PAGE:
Secret Trial For Dasuki: Nigeria Now In A Full-Blown Dictatorship (READ)

Secret Trial For Dasuki: Nigeria Now In A Full-Blown Dictatorship (READ)

By Opinions | The Trent on October 30, 2015
Sambo Dasuki
Former National Security Advisor, Colonel Sambo Dasuki (rtd)

by Amanze Obi

This must be one of the strangest things coming from the APC government of Muhammadu Buhari. The government has just shocked the civilised world with its plan to try the former National Security Adviser (NSA), Col. Sambo Dasuki (retd.), in secret over the charges it preferred against him.

Let us recall that Buhari’s government had, in July this year, despatched operatives of the Department of State Services (DSS) to invade Dasuki’s houses in Abuja and Sokoto. The invasion was crude and rude. It violated not just the fundamental human rights of Da­suki, it was completely lacking in civility and decency. The conduct of DSS operatives at Dasuki’s residences was a sad reminder of the dark and shackled days of military dictatorship in Nigeria. But it happened under the white-washed regime that is laying claim to popu­lism.

Government and its agents had, after the invasion, accused Dasuki of sundry crimes. He was accused of treason and felony for being in possession of firearms that could be used to overthrow the federal govern­ment. He was also accused of misuse of power, cor­ruption and the like. Based on these wild allegations, government charged Dasuki to court. He has since been standing trial before a Federal High Court in Abuja.

Former National Security Advisor, Sambo Dasuki arrives the Federal High Court, Abuja with his lawyer, Ahmed Raji, September 1, 2015 (Photo Credit: PR Nigeria)
Former National Security Advisor, Sambo Dasuki arrives the Federal High Court, Abuja with his lawyer, Ahmed Raji, September 1, 2015 | PR Nigeria

But then to demonstrate its poor hold on the situation, government has been amending with reckless abandon the charges it brought against Dasuki. It dropped all the charges it initially brought against the former NSA but held on to one – illegal possession of firearms.

Strangely, when the court resumed seating this Mon­day, government sought to slam more charges against Dasuki. It asked the court to include in the charge sheet other issues like alleged retention of funds, which formed part of the proceeds of an unlawful act contrary to the Money Laundering Prohibition Act 2011. From the one-count charge of illegal possession of firearms, government is now pressing for a five-count charge against Dasuki. But that is beside the point.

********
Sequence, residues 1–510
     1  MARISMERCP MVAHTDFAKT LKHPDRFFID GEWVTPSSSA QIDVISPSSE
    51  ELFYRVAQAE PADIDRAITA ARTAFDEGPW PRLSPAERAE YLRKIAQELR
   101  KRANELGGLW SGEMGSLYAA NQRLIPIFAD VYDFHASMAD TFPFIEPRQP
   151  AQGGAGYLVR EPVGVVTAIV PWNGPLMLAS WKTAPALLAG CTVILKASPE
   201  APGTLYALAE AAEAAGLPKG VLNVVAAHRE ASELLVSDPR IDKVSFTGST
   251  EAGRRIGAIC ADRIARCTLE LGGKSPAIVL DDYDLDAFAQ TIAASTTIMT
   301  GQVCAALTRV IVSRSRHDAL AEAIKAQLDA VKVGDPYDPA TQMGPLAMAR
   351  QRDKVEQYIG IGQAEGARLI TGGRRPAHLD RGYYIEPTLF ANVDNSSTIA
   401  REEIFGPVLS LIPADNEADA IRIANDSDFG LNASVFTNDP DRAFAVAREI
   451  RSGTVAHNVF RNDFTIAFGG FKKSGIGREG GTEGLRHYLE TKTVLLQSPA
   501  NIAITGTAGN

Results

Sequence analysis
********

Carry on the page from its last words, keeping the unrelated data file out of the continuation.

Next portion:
The real shock of the moment is that government is asking for a secret trial for Dasuki. The application brought to court by government’s prosecutor contained shocking details. Here are some of them. Government wants the names and addresses of all its witnesses not to be disclosed in any record or report of proceed­ings that may be accessible to the public and that the witnesses should use pseudonyms in the course of proceedings. Government is also asking that its wit­nesses should wear facial masks while giving evidence against the former NSA. The witnesses are to be grant­ed access to a non-public route to and from the court premises and courtrooms and they must be allowed to use private witnesses room. Also, the prosecution does not want any member of the public to witness the trial. The prosecution said the witnesses would not testify without secret trial for fear of reprisal from undisclosed places. That is the absurdity before us. That is the in­credible narrative coming from government.

It is difficult to pigeonhole this strange request from government without feeling that somebody is in a trance. I refuse to believe that someone in his right senses will conjure this strangeness. You want to try someone in secret in today’s world? And over what? How grievous can these allegations get to warrant such a strange application from the prosecution? Even the worst of military regimes never subscribed to this cru­dity. Facial masks? Private routes? Pseudonyms? Se­cret trial? What all this tells us is that government is not sincere in the Dasuki trial. It has so much to hide. That is why it cannot face the public. Government is simply looking for a secret route through which it can railroad Dasuki into jail. But that trick is too cheap. We are not taken in by it.